Hamdi Ulukaya wants to “improve the lives and livelihoods of the 65 million people who have been forcibly displaced around the globe”.
The Chobani yogurt factories in the United States employee over 300 refugees – a fact that’s made their founder and CEO Hamdi Ulukaya, the recipient of vitriolic abuse on social media.
Mr Ulukaya is a Turkish migrant, and first started hiring refugees after his New York based business began to burgeon in the late 2000's. He approached a local refugee resettlement centre in search of staff and has been passionate about employing displaced people at both his New York and Idaho factories ever since.
It was only earlier this year that any notable attention was drawn to Mr Ulukaya's practice after he delivered a speech to the World Economic Forum, urging businesses to help refugees "earn a living and better care for their families".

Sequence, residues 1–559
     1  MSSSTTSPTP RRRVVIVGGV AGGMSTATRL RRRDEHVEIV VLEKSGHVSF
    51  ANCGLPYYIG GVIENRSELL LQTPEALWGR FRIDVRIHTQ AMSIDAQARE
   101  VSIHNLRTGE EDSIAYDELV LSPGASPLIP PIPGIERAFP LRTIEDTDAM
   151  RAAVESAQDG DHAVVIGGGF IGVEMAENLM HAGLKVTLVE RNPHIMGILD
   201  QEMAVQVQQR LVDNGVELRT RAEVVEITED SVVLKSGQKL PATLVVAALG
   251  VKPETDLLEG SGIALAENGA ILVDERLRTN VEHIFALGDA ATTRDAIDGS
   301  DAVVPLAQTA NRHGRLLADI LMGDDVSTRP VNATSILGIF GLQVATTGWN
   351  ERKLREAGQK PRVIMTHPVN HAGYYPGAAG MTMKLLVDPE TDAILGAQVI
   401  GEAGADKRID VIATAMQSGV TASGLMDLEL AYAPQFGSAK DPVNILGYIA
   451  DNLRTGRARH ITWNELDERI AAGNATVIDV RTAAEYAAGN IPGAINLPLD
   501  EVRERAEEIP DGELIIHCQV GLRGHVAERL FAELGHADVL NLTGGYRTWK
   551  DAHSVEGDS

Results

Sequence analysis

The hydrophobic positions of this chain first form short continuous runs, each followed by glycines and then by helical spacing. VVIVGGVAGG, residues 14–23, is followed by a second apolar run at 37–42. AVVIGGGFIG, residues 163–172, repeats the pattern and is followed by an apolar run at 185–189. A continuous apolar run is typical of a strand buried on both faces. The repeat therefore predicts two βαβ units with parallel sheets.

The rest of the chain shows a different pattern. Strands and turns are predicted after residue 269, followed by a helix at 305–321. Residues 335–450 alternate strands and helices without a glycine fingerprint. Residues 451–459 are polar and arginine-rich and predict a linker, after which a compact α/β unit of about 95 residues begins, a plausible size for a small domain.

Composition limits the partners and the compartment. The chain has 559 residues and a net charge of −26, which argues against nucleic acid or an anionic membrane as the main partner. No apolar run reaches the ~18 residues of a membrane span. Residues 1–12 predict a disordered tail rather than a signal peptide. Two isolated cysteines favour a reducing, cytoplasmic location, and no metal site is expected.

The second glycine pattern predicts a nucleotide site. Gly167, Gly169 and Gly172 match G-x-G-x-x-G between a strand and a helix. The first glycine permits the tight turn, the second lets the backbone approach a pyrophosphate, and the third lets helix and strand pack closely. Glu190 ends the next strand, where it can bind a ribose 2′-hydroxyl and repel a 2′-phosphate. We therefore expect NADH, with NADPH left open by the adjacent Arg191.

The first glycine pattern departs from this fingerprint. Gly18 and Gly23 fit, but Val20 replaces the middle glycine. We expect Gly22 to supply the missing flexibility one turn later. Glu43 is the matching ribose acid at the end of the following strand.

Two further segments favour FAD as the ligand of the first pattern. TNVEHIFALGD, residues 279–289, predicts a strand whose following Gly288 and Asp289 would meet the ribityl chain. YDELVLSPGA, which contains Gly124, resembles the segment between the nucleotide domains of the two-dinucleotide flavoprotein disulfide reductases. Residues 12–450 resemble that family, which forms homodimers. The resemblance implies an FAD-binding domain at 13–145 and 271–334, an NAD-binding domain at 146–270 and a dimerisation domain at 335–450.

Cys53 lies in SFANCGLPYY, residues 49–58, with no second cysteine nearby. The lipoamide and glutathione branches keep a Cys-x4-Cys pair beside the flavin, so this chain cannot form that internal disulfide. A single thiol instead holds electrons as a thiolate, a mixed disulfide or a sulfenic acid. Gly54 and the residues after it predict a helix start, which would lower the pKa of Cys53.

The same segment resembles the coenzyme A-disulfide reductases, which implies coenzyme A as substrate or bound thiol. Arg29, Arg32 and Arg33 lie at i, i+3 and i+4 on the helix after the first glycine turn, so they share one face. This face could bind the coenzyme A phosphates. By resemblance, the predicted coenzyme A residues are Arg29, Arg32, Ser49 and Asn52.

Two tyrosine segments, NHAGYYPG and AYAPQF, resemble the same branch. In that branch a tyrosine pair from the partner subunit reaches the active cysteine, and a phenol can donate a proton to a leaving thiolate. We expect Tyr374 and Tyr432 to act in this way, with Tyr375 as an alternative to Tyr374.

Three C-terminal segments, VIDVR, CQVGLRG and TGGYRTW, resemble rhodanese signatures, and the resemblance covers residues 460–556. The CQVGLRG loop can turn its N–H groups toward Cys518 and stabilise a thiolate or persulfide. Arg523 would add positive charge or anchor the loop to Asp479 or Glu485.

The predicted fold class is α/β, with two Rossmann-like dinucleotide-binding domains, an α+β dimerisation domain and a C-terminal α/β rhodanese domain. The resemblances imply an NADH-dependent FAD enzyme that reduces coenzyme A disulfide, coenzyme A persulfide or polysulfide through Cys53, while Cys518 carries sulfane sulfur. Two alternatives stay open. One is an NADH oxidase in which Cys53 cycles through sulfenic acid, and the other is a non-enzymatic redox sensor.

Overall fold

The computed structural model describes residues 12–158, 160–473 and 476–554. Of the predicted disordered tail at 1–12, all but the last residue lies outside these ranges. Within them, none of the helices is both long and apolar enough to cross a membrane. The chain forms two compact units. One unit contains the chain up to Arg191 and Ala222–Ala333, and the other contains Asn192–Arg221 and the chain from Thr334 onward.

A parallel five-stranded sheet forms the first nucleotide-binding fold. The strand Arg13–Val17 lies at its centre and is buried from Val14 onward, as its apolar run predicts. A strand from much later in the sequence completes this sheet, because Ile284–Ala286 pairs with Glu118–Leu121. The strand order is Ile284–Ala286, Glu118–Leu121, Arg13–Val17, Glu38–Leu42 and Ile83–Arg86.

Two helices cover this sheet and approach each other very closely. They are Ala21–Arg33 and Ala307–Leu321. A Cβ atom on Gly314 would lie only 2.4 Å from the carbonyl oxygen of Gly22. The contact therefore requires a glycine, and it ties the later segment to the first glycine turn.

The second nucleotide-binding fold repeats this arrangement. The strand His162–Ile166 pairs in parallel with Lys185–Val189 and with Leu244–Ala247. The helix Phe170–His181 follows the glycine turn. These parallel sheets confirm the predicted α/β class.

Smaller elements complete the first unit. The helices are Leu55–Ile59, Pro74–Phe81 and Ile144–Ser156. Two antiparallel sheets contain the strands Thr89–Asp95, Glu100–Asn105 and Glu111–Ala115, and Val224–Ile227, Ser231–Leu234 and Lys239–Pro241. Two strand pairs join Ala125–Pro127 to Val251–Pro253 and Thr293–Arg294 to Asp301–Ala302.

He has also set up his own foundation designed to “improve the lives and livelihoods of the 65 million people who have been forcibly displaced around the globe” and signed The Giving Pledge to dedicate the majority of his wealth “to help refugees and help bring an end to this humanitarian crisis”.
Many of the people Mr Ulukaya employs are from his native Turkey, as well as Afghanistan and Iraq among other places. but it's drawn deep criticism from some on social media who believe he is hiring refugees in favour of American-born citizens.
Concerns have also been expressed over the fact that some of Chobani's employees are Muslim, and calls have been made to boycott the brand.
A host of people have also thrown their support behind Mr Ulukaya and pledged to purchase more of his yogurt to offset any boycott.
While the plight of refugees is a matter close to Mr Ulukaya's heart, he has also recently given his 2,000 employees lucrative shares in his business and introduced a paid parental leave scheme as the US state does not provide any tax payer funded leave.